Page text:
|Number of Cylinders||5 Cylinders|
|Fuel Delivery||Fuel Injected|
|Weight (lbs/kg)||800.00 lbs / 362.87 kg|
Mission Statement of the Volvo Penta D3-220
This engine is designed to be a lightweight way to deliver 220-hp with high torque and performance at the low end of the rpm range. As such it is appropriate for both single and twin-engine installations in boats that need relatively quick power to get on plane because they are carrying a heavy load or need the range that a lightweight diesel can provide.
This makes it the right size for small offshore fishing boats of all types in inboard, sterndrive, and in both single and twin-engine configurations. It also can be used in smaller cruising boats such as pocket cruisers and express fishboats and cruisers in both single and twin installations.
The D3-220 started out in life and is still used in Volvo automobiles where the model designation is D5. It is a 2.4 liter displacement, 20 valve, DOHC engine with a 5-cylinder aluminum block and head. The basic engine is now in its third generation.
The D3 is a complete family of engines, including both inboard and sterndrive, and the 200 is the highest output.
The D3-220 is going head-to-head with a couple of other diesel engines and with the medium-sized gas engines and even outboard engines in some applications. Its performance, attributes and advantages will become clear in the report below.
Lightweight -- Because the engine block and head are made of aluminum alloy and there are 5 cylinders and not the conventional 6, the D3 has one of the best power-to-weight rations in class.
Common Rail Fuel Injection -- A high-pressure pump generates fuel in an accumulator – the rail -- and is then fed through rigid pipes to the injectors.
Piezo-Electric Injectors -- State-of-the-art fuel injectors that are electronically activated for a variable amount of fuel depending on need, thus insuring optimum fuel economy and clean burning. (See below.)
Variable Geometry Turbocharger -- State-of-the-art turbo design with adjustable vanes inside the house to direct and regulate exhaust gas pressure makes turbocharging effective at low rpms for nearly instant power and clean burning. (See below.)
Clean Burning -- There is nothing worse than a boat transom covered with a thin layer of diesel soot. With time it enters the porous gel coat and becomes nearly impossible to remove.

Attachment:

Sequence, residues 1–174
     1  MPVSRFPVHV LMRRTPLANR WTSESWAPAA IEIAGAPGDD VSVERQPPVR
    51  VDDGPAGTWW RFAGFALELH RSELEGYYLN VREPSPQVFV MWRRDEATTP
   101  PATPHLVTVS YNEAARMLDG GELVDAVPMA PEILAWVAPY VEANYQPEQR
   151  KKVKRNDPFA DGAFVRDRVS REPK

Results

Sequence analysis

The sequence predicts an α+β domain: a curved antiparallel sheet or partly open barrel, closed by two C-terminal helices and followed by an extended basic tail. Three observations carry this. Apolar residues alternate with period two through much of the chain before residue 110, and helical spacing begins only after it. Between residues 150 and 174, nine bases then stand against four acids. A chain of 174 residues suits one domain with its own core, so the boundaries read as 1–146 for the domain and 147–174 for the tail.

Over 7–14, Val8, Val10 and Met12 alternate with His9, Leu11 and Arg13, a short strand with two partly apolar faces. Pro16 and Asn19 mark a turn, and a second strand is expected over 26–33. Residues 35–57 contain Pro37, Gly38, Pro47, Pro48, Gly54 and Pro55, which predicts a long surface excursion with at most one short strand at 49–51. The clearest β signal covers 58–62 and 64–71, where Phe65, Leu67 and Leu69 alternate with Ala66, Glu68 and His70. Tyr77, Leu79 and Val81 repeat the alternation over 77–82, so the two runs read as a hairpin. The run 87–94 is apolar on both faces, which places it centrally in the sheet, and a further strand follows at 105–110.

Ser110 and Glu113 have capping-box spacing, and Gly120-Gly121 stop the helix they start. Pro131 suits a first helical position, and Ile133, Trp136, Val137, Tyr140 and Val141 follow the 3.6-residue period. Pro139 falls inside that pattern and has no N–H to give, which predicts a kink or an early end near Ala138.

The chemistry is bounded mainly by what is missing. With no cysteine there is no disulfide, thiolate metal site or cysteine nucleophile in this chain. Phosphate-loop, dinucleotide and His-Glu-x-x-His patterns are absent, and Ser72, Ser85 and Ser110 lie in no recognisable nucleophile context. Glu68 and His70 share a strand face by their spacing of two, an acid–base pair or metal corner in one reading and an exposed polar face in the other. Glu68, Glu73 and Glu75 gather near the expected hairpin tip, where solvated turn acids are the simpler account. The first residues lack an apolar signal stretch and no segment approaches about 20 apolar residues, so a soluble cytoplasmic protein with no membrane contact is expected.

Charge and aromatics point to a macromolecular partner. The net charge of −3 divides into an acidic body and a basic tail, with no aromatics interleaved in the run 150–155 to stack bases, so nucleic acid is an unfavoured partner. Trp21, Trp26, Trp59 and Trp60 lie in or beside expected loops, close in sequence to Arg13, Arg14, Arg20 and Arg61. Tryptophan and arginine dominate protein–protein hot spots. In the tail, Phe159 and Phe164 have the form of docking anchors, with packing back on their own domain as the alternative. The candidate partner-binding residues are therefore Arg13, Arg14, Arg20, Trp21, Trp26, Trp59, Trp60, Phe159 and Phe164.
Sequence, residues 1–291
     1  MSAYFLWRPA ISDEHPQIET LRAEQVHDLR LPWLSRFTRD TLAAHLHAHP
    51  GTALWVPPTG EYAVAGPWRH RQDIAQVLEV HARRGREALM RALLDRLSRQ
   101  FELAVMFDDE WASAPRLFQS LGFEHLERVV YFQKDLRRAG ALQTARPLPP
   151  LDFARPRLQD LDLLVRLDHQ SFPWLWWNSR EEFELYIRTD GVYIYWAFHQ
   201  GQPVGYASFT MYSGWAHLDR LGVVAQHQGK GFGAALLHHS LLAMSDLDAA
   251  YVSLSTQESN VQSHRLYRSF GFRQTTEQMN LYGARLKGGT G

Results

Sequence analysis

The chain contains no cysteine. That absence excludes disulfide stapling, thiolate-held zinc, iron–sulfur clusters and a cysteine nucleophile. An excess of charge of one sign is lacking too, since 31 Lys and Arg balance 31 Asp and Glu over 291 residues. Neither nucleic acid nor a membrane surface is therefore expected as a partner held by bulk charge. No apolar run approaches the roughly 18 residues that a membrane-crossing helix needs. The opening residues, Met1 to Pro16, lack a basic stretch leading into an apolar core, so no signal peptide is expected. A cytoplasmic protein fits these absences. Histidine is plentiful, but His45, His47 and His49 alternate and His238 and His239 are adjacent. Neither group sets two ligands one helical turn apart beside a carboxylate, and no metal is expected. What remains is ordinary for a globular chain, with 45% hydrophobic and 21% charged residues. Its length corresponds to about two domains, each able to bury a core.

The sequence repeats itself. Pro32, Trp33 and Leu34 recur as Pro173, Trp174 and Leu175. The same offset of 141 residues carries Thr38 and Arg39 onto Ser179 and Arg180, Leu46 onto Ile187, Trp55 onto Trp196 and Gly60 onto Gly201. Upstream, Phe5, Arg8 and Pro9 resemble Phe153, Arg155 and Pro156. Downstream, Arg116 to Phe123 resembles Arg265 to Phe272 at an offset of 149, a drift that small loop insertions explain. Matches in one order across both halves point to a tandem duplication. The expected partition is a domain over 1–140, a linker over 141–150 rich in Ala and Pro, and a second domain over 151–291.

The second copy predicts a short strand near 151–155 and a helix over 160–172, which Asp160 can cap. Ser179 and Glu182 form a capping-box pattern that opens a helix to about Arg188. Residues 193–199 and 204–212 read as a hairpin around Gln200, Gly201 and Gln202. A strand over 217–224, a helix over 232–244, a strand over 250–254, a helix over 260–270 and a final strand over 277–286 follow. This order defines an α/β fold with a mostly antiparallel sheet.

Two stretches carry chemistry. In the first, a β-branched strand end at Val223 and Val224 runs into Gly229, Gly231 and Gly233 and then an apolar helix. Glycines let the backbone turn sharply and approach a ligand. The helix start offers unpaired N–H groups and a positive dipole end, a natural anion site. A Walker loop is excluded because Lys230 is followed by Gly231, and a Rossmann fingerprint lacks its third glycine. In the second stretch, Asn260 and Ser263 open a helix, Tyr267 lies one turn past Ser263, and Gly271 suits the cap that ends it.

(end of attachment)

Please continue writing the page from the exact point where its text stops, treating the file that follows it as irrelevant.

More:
Volvo Penta uses state-of-the-art piezo-electric injectors in its D3 engines. These injectors are not activated mechanically with a solenoid like conventional injectors, but rather by a stack of 400 ceramic crystals in the injector that enlarge by the introduction of an electrical impulse.
The engine's ECM sends an electrical command to the crystal stack which enlarges and activates the injector needle allowing a metered amount of fuel under common rail pressure to enter the combustion chamber. The unit's injector needle can be opened and closed as many as 10 times per second to maximize control of the amount of fuel going into the cylinders at any given moment.
Max Injection Precision. It’s exactly this type of precision that allows for improved combustion, better fuel economy at all rpms, reduced emissions, and a longer lasting engine. These high-tech injectors were designed for automobiles in order for them to meet stringent emission requirements, and they are 5 times faster than conventional injectors used on gas engines.
The advantages are obvious for both fuel efficiency and more complete burning of fuel.
Variable Geometry Turbo (VGT).
This is a Big Deal. This variable geometry turbocharger automatically adjusts the pitch of vanes in the turbo to regulate the amount of exhaust gas pressure passing across the turbo's rotating blades. The vanes are closed down at low rpms to increase the gas pressure on the turbo blades which spools up the air-intake side of the turbo to cram more oxygen into the combustion chambers.
The VGT Difference. This is the key to the VGT advantage because it is able to quickly increase turbo rpms before a conventional turbo revs up to an effective speed. (In the drawing above, a conventional turbo is always "wide open", so to speak. These units do not have the ability to increase exhaust gas pressure at lower rpms as does the VGT unit, seen in the drawing below.)
In the VGT unit, at high rpms, the normal exhaust gas is under high pressure and the adjustable vanes need only be fully open, acting much like a conventional turbo.
The positions of the vanes in the turbine housing are varied by means of a vacuum generated by a vacuum pump which is driven by the exhaust camshaft.
Fail-Safe Protection. Recreational boats tend to spend a lot of time at the dock and then get worked hard for one or two days and then it’s back into shut down mode. To alleviate any concern, the vanes automatically get exercised at given intervals, while the boat is in its sedentary state.